Similarly, when folks ask me where they should go to school, I usually counter with ‘where do you want to live’. Unless you have the opportunity to go to a university with prestigious name recognition, pick the best school you can close to where you want to live. Chances are that alumni network and local knowledge will work in your favor.
Data Science versus Data Engineers
In no more than the last 24 months we’ve begun to differentiate Data Engineers from Data Scientists. Not everyone uses or understands this distinction yet but they soon should.
The Data Engineering side has much more in common with classic computer science and IT operations than true data science. You can think of this divide as the data scientist starting with the raw data and moving through modeling and implementation. Data Engineers are about the infrastructure needed to support data science.
Ever since the advent of NoSQL data bases like Hadoop, now Spark, into IoT and other streaming methods, and including data lakes as an alternative to EDWs, there is a growing specialty among those who know how to create and maintain these tools on which much of data science relies. This particularly extends to the quickly growing capabilities of cloud and SaaS. If you can learn to set up a Spark instance, data lake, or streaming app on AWS, Azure, or Google, that may be a very comfortable and well compensated middle ground for you to consider.
While it would be nice for you to know all the skills of a data scientist, acquiring this level of skill is not as time consuming and depending on your company might be available to you OJT or via MOOCs.
The Problem with Job Advertising
Differentiating Data Engineers and Data Scientists is the least of your worries when reading job ads. It’s still as common to see an ad for Data Analyst when what is wanted is a full stack Data Scientist, and conversely ads for Data Scientists where the actual tasks and skills don’t exceed SQL on EDW. It may take a while for HR departments to catch up. Meantime be aware of the problem and read the details of the job description.
AI, Deep Learning, Picking a Specialty
Over the last few years the demands of different industries have created specialties within data science. Curiously the techniques remain the same but the way they are applied in each industry varies. An in-depth understanding of each industry’s business model and typical data becomes important. For example, ecommerce looks for people with a working knowledge of how to analyze web logs and build recommenders, while insurance, banking, and mortgage lending are looking at risk, cross sell, and up sell models.
The thing they have in common is that 90% of the work done in data science is still about predicting consumer behavior. Here your prior industry experience may be a particular benefit if you want to stay in that industry.
Separately, people often ask about AI and deep learning. Do your reading. You’ll soon understand that a handful of deep neural net architectures, specifically Convolutional Neural Nets and Recurrent Neural Nets with LSTM underlie all of the commercial AI today. Unless you are particularly motivated this is not entry level material. Sure play around with Tensorflow or Theano but stick with a foundation of modeling about consumer behavior plus some time series modeling and that’s all you’ll need to start.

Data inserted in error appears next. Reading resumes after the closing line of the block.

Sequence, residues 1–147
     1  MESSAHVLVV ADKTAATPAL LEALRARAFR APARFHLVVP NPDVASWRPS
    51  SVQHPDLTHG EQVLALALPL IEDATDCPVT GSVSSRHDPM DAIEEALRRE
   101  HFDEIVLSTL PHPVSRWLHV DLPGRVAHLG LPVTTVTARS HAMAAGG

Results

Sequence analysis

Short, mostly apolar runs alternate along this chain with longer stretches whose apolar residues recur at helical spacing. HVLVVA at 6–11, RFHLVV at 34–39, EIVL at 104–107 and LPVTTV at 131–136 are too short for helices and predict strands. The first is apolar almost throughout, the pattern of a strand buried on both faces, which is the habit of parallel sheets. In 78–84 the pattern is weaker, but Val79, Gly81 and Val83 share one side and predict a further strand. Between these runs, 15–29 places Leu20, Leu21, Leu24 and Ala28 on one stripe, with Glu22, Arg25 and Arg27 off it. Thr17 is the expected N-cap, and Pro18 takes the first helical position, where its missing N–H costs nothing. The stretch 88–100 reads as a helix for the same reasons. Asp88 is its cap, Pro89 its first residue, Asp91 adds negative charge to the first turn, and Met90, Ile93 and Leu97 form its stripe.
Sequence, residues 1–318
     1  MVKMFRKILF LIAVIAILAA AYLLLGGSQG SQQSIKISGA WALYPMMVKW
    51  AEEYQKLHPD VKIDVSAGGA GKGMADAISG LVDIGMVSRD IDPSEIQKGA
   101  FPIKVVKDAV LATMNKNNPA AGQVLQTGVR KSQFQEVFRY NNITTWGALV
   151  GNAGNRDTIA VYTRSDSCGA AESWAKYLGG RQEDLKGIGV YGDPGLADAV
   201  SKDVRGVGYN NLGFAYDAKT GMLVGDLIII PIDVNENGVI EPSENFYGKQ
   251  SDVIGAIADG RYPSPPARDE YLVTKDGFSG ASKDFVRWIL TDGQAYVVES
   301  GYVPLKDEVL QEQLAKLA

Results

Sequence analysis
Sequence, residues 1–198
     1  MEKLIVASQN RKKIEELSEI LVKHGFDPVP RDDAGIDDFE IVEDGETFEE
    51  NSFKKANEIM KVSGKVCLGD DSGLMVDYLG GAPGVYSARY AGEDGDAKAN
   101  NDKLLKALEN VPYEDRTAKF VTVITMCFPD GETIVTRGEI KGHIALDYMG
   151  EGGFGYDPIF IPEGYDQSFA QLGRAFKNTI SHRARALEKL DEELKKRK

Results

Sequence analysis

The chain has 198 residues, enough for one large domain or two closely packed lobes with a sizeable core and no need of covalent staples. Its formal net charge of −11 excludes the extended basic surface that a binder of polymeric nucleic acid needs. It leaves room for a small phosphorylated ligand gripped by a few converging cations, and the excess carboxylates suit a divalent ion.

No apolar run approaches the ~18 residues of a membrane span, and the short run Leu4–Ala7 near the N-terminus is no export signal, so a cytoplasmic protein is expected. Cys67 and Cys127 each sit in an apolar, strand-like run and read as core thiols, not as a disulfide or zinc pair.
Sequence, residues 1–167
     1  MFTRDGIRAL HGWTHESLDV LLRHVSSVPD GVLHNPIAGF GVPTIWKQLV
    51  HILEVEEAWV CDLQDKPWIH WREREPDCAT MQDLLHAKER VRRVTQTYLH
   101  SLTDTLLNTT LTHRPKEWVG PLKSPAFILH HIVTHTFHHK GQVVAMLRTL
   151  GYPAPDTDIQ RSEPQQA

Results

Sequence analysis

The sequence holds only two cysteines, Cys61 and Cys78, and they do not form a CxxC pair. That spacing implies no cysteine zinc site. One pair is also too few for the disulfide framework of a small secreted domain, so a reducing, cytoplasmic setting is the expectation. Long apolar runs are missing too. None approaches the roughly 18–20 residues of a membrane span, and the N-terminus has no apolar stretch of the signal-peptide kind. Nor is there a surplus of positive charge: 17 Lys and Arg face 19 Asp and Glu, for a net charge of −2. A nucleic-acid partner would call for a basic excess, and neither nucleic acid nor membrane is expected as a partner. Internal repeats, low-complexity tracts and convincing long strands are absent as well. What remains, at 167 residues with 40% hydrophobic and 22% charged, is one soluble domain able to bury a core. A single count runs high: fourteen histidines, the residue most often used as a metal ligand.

Two last comments. Be aware that one of the ways the market is responding to the shortage of data scientists is to further automate the tools we use. This allows fewer data scientists to do the work of many.
The same folks making these more automated tools would also like the market place to believe that they are simple enough for non-data scientists to use, a group cleverly referred to as citizen data scientists. It’s true that some of the more rote elements of the modeling task can be automated and we’re glad to embrace that. A full understanding of the predictive analytic process however is required or you can build some models that predict exactly the wrong thing.
Finally, your experience is a two-edged sword. If you stay in an industry with which you have experience you will have a real leg up on fresh graduates with little or no job experience. However, if you are on the long side of 10 to 20 years experience, encountering some ageism in hiring is a real possibility.
Don’t let any of that deter you. This is a terrific profession with a great future. Make the most of what you’ve got and go for it.
Some other Data Science Career articles you may find valuable:
The New Rules for Becoming a Data Scientist (2016)
Data Scientist –Still the Best Job in America – Again (2016)
So You Want to be a Data Scientist (2015)
Getting a Data Science Education (2015)
How to Become a Data Scientist (2014)
About the author: Bill Vorhies is Editorial Director for Data Science Central and has practiced as a data scientist and commercial predictive modeler since 2001. He can be reached at:
Link: Some Thoughts on Mid-Career Switching Into Data Science